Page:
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Key Public Policy Issues for People With I/DD
All branches of the federal government play critical roles in affirming, securing, and achieving the vision of inclusion and ensuring that the civil rights of persons with disabilities are realized. Featured goals are below. A complete list of topics can be found in our full Public Policy Agenda.
Civil rights must be preserved through vigilant enforcement of laws and regulations as well as strong opposition to efforts that limit the rights of people with IDD.
Community-Based Long Term Supports and Services
These must be widely accessible, consumer controlled, and provided in the community without the requirement that people with IDD impoverish themselves in order to obtain assistance with activities of daily living, such as getting dressed, taking medication, and preparing meals.
Direct Support Professionals
These professionals must be well trained and fairly and adequately compensated to provide the necessary supports and services for people with IDD where they work and live.
The education system must help people with IDD to achieve their full potential and independence by having high expectations, integrated instruction by certified and effective teachers, inclusive classrooms, appropriate assessments, and only using positive behavioral supports.
The needs of people with disabilities, their families, and the direct support workforce must be considered as a priority in planning for and responding to natural, public health, and human-made disasters and emergencies.
Employment, Training, Wages
Employment programs must be expanded to provide more job development, placement, and coaching, skills training, and other services necessary to help find and maintain competitive, integrated employment for people with IDD.
Counseling, support groups, respite, training, cash assistance, and information and referral must be made widely available to family caregivers, especially those who are aging, and who provide supports in the community. This will help avoid costly and unwanted institutional placements of individuals with IDD.
People with IDD must have timely access to high quality, comprehensive, accessible, affordable, and individualized health care services to improve and maintain health and functioning.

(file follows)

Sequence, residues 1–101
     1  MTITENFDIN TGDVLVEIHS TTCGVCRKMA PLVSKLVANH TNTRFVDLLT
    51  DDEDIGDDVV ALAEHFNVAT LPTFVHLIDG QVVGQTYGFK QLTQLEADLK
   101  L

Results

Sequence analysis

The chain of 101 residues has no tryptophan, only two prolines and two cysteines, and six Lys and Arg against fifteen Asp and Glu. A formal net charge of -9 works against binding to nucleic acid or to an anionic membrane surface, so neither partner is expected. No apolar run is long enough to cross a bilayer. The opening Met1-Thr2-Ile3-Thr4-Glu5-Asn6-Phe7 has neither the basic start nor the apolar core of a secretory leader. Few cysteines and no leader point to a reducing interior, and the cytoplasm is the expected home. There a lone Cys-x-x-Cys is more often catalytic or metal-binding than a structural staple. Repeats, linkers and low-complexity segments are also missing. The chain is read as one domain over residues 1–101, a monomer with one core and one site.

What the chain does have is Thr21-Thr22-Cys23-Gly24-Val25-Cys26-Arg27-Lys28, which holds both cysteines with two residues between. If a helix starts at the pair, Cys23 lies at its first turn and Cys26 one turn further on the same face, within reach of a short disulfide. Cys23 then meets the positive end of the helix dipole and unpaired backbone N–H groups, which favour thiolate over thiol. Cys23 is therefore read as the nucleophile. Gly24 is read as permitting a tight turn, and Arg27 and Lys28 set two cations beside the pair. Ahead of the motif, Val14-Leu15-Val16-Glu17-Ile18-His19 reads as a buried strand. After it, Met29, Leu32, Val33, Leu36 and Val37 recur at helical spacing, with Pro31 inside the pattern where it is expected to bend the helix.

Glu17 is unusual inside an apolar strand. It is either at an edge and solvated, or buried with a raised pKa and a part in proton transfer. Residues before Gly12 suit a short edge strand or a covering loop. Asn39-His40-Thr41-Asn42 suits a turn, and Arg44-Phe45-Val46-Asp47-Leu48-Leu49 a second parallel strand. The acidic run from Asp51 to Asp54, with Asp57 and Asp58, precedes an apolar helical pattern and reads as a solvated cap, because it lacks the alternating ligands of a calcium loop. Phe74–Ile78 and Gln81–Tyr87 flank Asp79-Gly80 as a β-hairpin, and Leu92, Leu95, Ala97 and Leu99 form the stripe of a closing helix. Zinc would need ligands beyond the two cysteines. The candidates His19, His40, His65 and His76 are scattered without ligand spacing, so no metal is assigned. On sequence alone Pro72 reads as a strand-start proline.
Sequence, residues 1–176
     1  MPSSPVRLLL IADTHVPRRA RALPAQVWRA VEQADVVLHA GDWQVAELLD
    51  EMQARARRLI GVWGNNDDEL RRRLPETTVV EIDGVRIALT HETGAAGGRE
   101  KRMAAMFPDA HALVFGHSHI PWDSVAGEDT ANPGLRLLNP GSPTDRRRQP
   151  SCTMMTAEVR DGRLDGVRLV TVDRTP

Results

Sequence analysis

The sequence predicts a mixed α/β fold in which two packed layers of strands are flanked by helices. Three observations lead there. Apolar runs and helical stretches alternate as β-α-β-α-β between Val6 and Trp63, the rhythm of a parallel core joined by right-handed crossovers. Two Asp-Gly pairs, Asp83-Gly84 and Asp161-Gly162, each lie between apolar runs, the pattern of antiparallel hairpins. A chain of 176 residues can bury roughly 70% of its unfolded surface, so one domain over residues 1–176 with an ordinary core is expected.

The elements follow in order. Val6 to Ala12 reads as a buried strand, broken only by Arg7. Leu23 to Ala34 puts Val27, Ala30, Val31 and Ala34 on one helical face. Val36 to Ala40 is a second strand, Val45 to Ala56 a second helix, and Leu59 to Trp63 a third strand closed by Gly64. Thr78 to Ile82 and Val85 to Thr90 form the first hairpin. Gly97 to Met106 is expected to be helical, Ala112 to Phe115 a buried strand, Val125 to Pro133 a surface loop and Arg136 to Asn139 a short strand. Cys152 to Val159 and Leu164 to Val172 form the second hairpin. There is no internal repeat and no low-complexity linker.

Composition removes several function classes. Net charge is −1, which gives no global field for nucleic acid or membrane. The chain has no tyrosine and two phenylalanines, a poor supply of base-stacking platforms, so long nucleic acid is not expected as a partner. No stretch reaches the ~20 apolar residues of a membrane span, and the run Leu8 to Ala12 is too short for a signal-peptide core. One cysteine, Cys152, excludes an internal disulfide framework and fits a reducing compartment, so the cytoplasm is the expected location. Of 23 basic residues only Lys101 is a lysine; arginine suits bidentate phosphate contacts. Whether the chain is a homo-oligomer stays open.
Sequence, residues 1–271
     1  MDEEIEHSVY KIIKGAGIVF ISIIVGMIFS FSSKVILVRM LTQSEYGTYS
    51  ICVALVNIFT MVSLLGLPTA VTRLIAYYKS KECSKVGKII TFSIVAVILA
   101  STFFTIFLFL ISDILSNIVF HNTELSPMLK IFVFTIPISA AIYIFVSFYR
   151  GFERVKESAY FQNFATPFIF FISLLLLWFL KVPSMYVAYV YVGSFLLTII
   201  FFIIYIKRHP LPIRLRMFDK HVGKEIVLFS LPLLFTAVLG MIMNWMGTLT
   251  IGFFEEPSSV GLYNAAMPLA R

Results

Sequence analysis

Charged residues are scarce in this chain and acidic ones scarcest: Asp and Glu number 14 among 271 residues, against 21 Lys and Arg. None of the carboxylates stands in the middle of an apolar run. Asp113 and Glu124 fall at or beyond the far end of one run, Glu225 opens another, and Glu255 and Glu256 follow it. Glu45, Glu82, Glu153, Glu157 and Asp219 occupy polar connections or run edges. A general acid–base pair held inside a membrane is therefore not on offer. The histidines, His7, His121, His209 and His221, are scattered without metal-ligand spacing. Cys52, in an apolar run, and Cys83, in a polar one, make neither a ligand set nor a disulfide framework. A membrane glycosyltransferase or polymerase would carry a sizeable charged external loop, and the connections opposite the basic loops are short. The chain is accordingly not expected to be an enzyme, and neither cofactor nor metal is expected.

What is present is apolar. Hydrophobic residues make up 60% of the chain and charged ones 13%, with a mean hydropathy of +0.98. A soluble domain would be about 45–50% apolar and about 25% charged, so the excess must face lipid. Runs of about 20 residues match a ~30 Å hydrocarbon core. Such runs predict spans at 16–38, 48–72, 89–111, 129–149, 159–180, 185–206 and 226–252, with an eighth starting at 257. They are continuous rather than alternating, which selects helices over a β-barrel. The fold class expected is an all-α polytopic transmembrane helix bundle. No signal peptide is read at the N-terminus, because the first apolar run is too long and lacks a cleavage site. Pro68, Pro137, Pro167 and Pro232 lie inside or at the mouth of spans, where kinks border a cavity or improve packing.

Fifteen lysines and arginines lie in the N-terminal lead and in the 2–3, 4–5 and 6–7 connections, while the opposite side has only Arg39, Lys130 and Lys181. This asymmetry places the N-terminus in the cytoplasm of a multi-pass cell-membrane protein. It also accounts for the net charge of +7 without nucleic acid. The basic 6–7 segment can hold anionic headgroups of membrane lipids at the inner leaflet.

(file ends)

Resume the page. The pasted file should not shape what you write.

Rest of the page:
An adequate supply of safe, accessible, integrated, and affordable supportive housing in the community for people with IDD must be available.
This program is the single largest funding source of both acute health care and long term supports and services for people with IDD. It must be preserved and rebalanced to make home and community based services the norm and institutional services the exception.
Research & Training
There is a need for more comprehensive federal research, surveillance, analysis, education, and training concerning people with IDD across the lifespan.
Social Security & SSI
This system provides the primary income sources for many people with significant disabilities to meet their basic needs for food, shelter, and clothing. Benefits and eligibility must be maintained and the long-term financial future of these programs must be considered outside of deficit reduction efforts.
Sufficient tax revenue must be raised in order to appropriately fund social insurance (Social Security, Medicare), safety net (Medicaid, Supplemental Security Income (SSI)), and discretionary programs (such as housing, education, employment, and transportation) that people with IDD rely on for their health, safety, and wellbeing.
Technology must be accessible and made widely available to make communication, education, independent living, and employment opportunities available for people with IDD.
Accessible transportation programs must be expanded and anti-discrimination policies must be enforced to help people with IDD access employment, health care, recreational activities, and other aspects of community living.